June 8, 2018

What to do for a pulled groin

Sports Injury

This post is part of The Ultimate Guide to Sports Medicine

A groin pull or groin strain is a common injury among athletes especially for those who participate in sports that require running and jumping.


There are five groin muscles (three short adductors and two long adductors). The muscle group functions to pull the leg back towards the middle and stabilize the pelvis during movement.

Groin pain is divided in three stages of severity:

  • 1st degree: Mild, usually heals quickly with little loss of strength and movement
  • 2nd degree: Moderate, heals over a longer period of time with moderate strength loss and some bruising
  • 3rd degree: Severe pain, may take months to heal with severe loss of strength and function and bruising


  • Groin and thigh muscle suddenly takes on too much weight
  • Muscle stretched beyond its ability
  • Changing direction while sprinting

Risk Factors

  • Muscle imbalance
  • Poor conditioning
  • Muscle tightness
  • Muscle fatigue
  • Growing children

Groin strain symptoms

  • Popping or snapping feeling during the injury
  • Severe pain
  • Pain and tenderness in the groin and inside of the thigh
  • Pain when raising your knee
  • Pain when bringing your legs together

Physician examination

To determine whether you have a groin pull, your physician will ask you for a complete medical history, ask questions about your pain and how long you have been experiencing your symptoms and conduct a physical examination. An X-ray will be required and an MRI may be necessary to rule out other injuries.

Make an appointment with an OrthoIndy sports medicine specialist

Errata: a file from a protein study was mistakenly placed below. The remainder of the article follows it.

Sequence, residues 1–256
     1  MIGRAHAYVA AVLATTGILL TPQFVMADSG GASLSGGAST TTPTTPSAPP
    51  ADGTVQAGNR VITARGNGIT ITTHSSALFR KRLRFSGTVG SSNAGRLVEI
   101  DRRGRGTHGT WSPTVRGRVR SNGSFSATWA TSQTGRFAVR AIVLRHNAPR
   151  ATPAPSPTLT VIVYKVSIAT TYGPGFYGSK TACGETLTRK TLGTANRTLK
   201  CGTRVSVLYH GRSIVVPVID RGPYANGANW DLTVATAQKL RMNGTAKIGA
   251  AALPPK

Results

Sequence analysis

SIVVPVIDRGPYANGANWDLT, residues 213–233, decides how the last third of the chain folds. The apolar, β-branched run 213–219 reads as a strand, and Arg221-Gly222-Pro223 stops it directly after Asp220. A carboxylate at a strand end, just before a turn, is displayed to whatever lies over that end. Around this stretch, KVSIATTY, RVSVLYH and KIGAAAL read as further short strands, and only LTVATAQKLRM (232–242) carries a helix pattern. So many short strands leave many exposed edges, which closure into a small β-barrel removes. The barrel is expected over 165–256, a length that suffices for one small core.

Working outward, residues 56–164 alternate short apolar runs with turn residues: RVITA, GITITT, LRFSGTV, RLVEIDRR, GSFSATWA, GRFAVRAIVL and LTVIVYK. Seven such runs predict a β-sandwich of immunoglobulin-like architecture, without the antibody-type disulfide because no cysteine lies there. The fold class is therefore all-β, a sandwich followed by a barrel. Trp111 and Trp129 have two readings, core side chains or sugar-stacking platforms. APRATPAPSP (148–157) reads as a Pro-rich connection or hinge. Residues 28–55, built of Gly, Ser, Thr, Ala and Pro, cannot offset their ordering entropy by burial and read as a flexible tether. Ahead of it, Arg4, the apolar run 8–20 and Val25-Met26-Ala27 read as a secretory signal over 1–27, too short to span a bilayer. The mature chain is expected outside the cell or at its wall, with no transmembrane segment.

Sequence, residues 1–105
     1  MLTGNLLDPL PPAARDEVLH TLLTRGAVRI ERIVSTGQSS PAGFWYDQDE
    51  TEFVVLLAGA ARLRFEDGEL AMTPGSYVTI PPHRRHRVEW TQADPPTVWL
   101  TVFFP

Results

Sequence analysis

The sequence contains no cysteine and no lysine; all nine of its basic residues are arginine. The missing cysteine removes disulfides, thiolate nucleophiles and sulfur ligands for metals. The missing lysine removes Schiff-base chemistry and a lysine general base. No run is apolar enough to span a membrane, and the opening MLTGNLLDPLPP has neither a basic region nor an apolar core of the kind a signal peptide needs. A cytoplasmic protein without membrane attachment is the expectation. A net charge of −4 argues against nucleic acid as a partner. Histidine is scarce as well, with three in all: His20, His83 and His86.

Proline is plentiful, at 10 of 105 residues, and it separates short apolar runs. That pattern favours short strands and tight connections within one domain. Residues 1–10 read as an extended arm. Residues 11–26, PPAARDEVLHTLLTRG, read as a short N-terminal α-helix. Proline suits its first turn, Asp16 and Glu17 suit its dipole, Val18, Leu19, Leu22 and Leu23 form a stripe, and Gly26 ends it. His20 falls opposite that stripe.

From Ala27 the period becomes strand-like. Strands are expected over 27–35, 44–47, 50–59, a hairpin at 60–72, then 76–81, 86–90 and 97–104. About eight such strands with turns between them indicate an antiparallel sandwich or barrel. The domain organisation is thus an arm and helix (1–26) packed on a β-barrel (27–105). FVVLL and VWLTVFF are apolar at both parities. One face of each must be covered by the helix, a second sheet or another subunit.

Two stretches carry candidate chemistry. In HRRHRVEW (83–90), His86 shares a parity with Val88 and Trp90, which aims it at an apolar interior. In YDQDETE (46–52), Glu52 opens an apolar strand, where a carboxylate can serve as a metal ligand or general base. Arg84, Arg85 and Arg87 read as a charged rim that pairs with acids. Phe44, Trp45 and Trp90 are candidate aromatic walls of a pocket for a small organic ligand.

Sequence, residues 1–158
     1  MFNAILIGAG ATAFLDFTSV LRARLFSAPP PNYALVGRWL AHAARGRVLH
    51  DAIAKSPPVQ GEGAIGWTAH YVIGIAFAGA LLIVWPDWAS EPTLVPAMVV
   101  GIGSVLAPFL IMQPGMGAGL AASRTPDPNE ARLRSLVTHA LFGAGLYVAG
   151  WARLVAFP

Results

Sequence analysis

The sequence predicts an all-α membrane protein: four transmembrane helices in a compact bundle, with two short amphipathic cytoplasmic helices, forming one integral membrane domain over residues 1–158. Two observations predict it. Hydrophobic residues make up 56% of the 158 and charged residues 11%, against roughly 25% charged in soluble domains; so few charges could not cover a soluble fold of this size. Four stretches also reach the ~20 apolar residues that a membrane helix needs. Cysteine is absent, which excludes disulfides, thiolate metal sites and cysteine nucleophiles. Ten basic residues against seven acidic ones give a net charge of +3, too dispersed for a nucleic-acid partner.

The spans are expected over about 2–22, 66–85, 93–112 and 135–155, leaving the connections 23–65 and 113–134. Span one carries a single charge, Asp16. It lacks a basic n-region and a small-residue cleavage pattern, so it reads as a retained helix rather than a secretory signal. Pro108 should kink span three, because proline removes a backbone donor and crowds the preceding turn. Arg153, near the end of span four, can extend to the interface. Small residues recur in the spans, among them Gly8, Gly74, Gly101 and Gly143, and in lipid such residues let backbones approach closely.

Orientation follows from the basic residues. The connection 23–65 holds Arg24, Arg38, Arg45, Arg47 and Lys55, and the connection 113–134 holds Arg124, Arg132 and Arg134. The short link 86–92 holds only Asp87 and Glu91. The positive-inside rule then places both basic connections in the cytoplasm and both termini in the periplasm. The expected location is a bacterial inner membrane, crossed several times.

Typically treatment for a pulled groin is non-surgical and includes:

  • Rest, Ice, Compression and Elevation (RICE)
  • Activity modification or immobilization: Such as avoiding activities that worsen symptoms
  • Non-steroidal anti-inflammatory drugs (NSAIDs) such as ibuprofen
  • Home exercises to strengthen muscles
  • Physical therapy to increase strength and flexibility
  • Crutches may be required for severe injuries

In extreme cases, surgery may be necessary but is very rare. If the muscle is completely torn, surgery may be necessary to return to normal movement. However, even in severe pulls, non-surgical methods have proven successful in returning a patient to their normal lifestyle.

Groin pull recovery

  • Avoid the activity that caused your injury until advised by your health care professional
  • Condition muscles with exercise
  • Warm up before exercise or sports activity
  • Cool down after exercise or sports activity
  • If you feel pain, stop immediately and let muscles heal completely before returning to sports

Minor strains can take two to four weeks to recover. More severe injuries may take several months to fully recover to pre-injury activity levels.

Learn more about sports medicine treatment at OrthoIndy.

Schedule an Appointment Call OrthoIndy 317.802.2000
Megan Golden

By Megan Golden

Megan is the current Marketing Team Lead at OrthoIndy. Megan graduated from Ball State University in 2012 with a bachelor’s degree in public relations and advertising and communications studies minor and has been with OrthoIndy since June 2012.

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